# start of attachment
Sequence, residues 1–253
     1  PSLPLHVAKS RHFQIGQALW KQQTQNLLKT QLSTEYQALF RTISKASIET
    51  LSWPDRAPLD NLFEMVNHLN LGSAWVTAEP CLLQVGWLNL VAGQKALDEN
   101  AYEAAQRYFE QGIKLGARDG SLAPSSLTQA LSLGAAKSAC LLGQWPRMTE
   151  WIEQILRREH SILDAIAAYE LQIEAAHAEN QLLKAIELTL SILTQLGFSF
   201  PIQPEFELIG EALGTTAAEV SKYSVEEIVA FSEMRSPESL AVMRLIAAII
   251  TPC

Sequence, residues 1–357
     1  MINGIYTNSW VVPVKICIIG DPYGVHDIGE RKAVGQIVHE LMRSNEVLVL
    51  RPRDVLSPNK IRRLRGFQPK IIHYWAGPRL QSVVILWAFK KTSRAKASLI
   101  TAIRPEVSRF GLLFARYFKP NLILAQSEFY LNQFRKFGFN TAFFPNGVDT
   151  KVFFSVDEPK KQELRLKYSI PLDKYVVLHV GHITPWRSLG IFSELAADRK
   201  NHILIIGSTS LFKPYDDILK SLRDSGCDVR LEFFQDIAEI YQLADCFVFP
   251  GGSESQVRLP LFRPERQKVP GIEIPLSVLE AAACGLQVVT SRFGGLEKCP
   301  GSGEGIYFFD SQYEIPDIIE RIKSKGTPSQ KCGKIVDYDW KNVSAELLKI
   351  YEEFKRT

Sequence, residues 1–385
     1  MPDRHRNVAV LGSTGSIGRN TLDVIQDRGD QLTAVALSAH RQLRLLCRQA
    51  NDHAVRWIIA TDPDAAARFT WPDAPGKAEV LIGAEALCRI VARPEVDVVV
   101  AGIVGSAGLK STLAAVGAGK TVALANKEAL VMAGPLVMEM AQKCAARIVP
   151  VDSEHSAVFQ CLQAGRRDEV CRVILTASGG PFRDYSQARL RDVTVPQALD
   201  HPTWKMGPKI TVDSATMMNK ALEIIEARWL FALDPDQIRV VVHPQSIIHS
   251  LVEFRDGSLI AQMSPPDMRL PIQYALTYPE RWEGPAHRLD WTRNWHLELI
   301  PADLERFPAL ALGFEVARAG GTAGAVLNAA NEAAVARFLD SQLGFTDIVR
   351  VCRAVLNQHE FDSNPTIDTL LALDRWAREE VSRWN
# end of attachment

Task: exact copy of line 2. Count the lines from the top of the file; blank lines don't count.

     1  PSLPLHVAKS RHFQIGQALW KQQTQNLLKT QLSTEYQALF RTISKASIET